Differentiation was originally devised so teachers could move away from tracking groups of kids. How do we at Seabury avoid having children making comparisons or feeling labeled if they know they’re in a less advanced, math group, for example?
Our overall focus is always on everyone getting what they need. We focus on kids’ strengths. After they’ve been here for a little while, they should be very aware of their strengths. This is also one of the reasons it’s important to have gifted kids with other gifted kids. In a class of more typically developing kids, if they find that they’re always picking up on things before everyone else, they don’t get a sense of their strengths – or weaknesses. They either get a sense that everything should be easy and shy away from challenge, or they develop a fear that the first time they don’t know something, there’s something really wrong. We want them to understand that they don’t have to be good at everything, and at the same time help them develop the work ethic and grit that comes from taking on challenges and being confident that the effort is worth it.
What else is important to know about differentiating for gifted kids?
The vast majority of teachers have zero training in gifted kids. That means that despite their good intentions for our kids, they’re often operating on myths that are just not true. For example, more work is not better work. Rigor is not measured in hours of homework per night and, in fact, more work for the sake of adding work can be detrimental to the growth of gifted kids. Research shows that gifted kids’ achievement goes down with excessive practice beyond what is needed to master the skill they are learning. Gifted kids learn quickly in their areas of giftedness, so need less time practice time to master a skill and more time to apply it in new and more complex ways.
Seabury’s teachers understand gifted kids – how they learn, what the research says about their intellectual, social and emotional development, and how to both support and challenge them. Our approach really goes back to that basic philosophy that EVERY child deserves to learn something new EVERY day. Including gifted kids.
Further reading on myths about giftedkids
Thursday, November 14, 2019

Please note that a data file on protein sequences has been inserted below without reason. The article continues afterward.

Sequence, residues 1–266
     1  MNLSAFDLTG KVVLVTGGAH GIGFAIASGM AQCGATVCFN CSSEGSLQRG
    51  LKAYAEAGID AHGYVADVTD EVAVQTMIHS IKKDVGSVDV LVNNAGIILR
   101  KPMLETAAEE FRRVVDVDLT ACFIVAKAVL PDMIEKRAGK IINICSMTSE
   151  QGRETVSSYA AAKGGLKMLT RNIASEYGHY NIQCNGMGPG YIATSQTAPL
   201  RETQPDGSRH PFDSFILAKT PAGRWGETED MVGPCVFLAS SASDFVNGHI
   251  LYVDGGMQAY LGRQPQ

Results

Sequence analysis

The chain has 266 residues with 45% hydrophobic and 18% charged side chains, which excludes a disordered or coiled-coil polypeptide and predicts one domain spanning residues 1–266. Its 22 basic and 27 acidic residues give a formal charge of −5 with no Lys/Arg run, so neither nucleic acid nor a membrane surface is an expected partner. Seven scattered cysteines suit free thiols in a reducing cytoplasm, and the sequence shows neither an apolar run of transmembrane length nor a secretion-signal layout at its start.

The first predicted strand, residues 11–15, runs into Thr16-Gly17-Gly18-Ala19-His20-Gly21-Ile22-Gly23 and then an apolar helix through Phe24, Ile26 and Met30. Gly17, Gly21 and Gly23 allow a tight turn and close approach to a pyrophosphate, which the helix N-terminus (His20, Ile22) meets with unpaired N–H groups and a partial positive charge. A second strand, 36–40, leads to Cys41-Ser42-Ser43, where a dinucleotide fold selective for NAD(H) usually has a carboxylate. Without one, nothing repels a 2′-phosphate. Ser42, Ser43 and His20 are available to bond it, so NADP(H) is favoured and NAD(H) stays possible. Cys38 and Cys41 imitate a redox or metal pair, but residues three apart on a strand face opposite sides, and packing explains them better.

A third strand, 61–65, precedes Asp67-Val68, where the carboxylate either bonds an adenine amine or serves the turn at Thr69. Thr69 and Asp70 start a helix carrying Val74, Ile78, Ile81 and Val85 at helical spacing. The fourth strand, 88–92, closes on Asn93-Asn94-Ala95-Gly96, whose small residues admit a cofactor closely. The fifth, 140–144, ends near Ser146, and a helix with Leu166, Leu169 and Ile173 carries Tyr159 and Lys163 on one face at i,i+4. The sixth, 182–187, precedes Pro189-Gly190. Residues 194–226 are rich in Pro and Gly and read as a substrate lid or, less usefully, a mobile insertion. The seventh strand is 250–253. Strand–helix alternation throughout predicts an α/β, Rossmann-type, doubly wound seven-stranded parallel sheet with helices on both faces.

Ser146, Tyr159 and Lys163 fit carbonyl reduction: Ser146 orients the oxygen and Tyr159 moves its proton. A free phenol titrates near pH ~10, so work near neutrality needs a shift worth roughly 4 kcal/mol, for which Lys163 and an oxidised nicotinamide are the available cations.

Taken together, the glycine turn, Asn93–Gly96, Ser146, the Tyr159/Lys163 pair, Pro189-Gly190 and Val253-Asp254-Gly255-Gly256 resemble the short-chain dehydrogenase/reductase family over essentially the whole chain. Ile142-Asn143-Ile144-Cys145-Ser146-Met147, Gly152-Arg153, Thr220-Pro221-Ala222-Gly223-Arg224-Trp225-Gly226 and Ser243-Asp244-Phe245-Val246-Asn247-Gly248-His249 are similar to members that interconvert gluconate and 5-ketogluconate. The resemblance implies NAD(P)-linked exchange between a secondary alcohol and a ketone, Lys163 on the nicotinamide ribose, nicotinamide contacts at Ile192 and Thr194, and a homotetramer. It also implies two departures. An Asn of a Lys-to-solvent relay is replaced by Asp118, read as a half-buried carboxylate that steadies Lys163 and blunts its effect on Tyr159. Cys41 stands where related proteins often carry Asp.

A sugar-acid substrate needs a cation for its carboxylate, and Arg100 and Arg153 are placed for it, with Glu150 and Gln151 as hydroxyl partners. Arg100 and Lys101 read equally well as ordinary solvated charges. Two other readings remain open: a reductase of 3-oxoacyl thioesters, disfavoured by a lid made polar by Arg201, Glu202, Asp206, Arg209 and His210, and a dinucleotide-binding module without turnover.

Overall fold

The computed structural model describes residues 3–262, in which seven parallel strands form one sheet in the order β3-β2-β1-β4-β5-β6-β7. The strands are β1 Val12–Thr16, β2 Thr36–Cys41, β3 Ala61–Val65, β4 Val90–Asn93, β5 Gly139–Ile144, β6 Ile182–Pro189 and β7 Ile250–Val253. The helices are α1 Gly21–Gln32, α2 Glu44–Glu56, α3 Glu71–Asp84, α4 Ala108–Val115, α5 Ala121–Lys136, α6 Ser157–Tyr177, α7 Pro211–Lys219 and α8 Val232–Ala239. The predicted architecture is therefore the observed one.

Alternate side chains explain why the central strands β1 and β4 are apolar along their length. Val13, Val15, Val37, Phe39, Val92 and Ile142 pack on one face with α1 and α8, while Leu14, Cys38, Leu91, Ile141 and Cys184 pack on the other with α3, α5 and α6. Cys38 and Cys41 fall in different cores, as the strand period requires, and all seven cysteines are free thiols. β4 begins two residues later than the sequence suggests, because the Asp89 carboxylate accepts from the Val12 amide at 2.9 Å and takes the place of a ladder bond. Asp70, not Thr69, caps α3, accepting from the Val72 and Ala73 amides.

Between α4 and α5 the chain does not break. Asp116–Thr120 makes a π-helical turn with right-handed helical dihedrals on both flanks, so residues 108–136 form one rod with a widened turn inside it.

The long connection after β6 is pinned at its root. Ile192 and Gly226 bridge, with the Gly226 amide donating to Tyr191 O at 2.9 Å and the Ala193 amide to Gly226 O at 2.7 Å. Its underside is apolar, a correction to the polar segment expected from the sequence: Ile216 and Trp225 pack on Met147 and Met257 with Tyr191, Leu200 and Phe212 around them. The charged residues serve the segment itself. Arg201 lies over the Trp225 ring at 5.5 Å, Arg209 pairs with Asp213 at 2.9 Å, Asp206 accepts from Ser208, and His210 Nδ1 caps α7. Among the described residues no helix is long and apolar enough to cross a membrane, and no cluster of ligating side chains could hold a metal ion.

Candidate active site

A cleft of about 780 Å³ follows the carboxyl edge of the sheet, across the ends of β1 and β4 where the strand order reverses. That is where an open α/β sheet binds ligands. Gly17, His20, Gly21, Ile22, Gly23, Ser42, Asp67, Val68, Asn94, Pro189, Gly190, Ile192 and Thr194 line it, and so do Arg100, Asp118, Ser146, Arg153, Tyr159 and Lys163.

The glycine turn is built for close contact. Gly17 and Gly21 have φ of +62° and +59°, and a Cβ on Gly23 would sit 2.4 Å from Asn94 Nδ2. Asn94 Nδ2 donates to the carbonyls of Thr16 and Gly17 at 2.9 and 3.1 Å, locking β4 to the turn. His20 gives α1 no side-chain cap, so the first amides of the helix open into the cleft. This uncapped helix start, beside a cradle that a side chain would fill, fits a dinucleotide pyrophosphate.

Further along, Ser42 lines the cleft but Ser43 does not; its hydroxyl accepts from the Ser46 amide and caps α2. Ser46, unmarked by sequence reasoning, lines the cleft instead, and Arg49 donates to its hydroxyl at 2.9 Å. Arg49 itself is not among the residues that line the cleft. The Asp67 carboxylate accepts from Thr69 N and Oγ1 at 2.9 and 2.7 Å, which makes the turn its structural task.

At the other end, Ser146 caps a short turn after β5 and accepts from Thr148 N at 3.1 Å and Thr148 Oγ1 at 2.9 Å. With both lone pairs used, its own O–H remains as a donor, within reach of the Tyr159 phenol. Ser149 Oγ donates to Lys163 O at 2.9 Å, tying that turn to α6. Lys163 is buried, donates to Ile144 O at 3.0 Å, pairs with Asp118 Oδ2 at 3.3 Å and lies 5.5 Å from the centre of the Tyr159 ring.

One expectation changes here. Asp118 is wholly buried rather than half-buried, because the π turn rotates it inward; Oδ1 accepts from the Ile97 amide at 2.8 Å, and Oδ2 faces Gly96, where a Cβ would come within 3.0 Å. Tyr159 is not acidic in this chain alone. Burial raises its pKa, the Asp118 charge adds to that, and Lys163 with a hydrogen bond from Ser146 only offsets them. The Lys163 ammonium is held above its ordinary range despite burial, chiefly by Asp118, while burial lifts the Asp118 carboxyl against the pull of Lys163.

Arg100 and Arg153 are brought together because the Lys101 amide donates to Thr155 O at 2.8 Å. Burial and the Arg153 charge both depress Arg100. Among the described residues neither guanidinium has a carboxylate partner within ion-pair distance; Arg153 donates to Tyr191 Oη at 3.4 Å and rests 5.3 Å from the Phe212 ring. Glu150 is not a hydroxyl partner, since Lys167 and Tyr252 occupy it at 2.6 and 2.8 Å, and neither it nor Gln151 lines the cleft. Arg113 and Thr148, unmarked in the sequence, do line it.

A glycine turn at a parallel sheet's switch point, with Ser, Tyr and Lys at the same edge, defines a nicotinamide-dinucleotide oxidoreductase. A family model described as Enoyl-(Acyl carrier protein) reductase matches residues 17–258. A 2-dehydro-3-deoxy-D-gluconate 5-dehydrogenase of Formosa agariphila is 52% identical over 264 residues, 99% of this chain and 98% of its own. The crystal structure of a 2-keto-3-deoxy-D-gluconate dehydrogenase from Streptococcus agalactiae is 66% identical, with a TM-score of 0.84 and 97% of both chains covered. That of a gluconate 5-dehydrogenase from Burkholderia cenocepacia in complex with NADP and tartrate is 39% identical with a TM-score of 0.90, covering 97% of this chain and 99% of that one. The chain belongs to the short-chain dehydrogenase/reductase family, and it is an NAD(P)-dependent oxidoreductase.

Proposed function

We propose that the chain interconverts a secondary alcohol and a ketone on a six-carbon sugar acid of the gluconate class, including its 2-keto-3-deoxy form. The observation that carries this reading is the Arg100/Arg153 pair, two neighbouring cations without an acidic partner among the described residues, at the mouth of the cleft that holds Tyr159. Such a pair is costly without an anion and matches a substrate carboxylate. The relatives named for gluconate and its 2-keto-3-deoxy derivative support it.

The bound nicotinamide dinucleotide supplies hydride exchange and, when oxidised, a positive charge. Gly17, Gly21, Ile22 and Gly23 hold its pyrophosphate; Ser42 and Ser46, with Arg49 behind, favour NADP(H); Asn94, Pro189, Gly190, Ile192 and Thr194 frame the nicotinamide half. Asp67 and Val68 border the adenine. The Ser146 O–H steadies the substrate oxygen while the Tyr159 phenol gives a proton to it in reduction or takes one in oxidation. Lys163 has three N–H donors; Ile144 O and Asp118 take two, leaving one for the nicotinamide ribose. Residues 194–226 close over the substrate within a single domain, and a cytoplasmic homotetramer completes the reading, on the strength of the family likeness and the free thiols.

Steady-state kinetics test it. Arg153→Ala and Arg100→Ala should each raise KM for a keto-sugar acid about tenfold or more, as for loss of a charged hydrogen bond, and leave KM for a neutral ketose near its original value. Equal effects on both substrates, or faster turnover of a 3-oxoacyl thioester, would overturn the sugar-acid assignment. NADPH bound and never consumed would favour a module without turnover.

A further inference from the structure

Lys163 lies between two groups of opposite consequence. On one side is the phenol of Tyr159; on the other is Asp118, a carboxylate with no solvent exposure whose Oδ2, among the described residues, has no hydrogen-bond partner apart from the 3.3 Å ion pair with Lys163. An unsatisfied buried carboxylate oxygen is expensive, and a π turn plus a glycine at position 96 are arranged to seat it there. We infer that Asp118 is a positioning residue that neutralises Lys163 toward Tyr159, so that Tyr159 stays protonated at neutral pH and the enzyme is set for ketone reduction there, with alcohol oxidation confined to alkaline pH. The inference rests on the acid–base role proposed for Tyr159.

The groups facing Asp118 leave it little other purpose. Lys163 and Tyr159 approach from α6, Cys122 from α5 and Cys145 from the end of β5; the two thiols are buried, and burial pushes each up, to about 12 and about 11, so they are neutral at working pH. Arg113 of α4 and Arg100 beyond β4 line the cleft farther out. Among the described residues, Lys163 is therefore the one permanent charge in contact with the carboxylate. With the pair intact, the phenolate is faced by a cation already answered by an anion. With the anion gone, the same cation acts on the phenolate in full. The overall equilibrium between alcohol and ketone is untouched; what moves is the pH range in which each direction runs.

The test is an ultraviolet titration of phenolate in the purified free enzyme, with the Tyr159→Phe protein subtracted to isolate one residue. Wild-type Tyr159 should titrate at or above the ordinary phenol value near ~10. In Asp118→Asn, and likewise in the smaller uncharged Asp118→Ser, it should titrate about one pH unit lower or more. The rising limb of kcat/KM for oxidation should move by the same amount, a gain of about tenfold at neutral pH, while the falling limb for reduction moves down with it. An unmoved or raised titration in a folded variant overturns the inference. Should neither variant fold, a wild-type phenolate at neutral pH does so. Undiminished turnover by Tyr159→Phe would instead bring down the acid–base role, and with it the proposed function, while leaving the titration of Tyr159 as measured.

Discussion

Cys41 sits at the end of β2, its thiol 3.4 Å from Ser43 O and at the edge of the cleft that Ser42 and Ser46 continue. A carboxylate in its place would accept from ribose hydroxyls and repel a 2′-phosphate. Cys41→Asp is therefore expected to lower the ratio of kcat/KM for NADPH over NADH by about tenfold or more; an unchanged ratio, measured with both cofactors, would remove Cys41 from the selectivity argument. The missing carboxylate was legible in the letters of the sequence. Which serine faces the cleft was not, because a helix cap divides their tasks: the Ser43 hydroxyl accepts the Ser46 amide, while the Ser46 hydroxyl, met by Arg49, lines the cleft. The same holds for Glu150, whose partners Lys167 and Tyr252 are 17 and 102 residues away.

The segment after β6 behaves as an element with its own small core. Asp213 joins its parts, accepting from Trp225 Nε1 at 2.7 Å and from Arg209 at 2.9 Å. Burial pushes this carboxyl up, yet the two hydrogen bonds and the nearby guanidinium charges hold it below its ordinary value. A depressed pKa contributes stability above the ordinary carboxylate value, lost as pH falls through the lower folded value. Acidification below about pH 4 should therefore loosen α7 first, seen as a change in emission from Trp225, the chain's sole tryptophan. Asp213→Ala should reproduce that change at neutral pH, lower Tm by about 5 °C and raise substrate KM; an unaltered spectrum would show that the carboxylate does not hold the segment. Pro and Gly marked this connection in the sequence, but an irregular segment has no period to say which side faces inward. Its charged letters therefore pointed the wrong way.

It’s hard to see your child struggle. As a parent, one of the biggest challenges we face is how to handle those moments when our children are unhappy, uncomfortable, frustrated, angry, hurt or overwhelmed. From the time they are born, we worry about them, try to make the right decisions about what they will eat and where they will go to school, and do all we can to help ensure that they can grow up to have the life we dream of for them.
Now that he is in college, I have found myself reflecting on my son’s growing up – especially on those experiences that seem to have had the biggest impact on his development. I’m grateful he was able to spend his elementary and middle school years at Seabury School, the school I head, a school designed for bright, sensitive, inquisitive gifted kids like him. Seabury was a place where he developed strong relationships with amazing children who are already proving to be lifelong friends. Kids who were, and continue to be, kind and supportive and a joy to be around.
But if I am really honest about it, the experiences that have had the biggest impact on making him the responsible, well-rounded, incredible young man he has become were those that were the hardest. When he was young it was dealing with the kid who was constantly provoking fights on the playground, the group projects with kids who didn’t pull their weight and left it all to him, having to room with the most annoying kid on a school trip. As he got older, it was the difficult roommates and the challenging bosses and the frustrating teachers. These challenging experiences, these times of struggle, are the moments that taught him the most about getting along with others and about how to be a friend. They taught him to be resilient, to speak his truth, to choose friends wisely, and especially that he had the resources to solve problems.
As a parent, those times were, and are, hard. It was, and is),heartbreaking to see him struggle. My impulse is to rescue him. To make it easier. To fix what’s wrong. To take the hurt away and make it all better.
I’m glad that I resisted (most of the time). It isn’t easy. Even now that he is an adult, I struggle to listen and support without swooping in to fix it for him. But I know that is what I must do. I realize that many of the traits that serve him best now – independence, leadership, responsibility, confidence, compassion – were developed as he found his way through those difficult times. Of course it was important that he had good times and experienced tremendous support from his friends But if I’m really honest about it, his incredible social skills were honed by navigating situations with the challenging kids.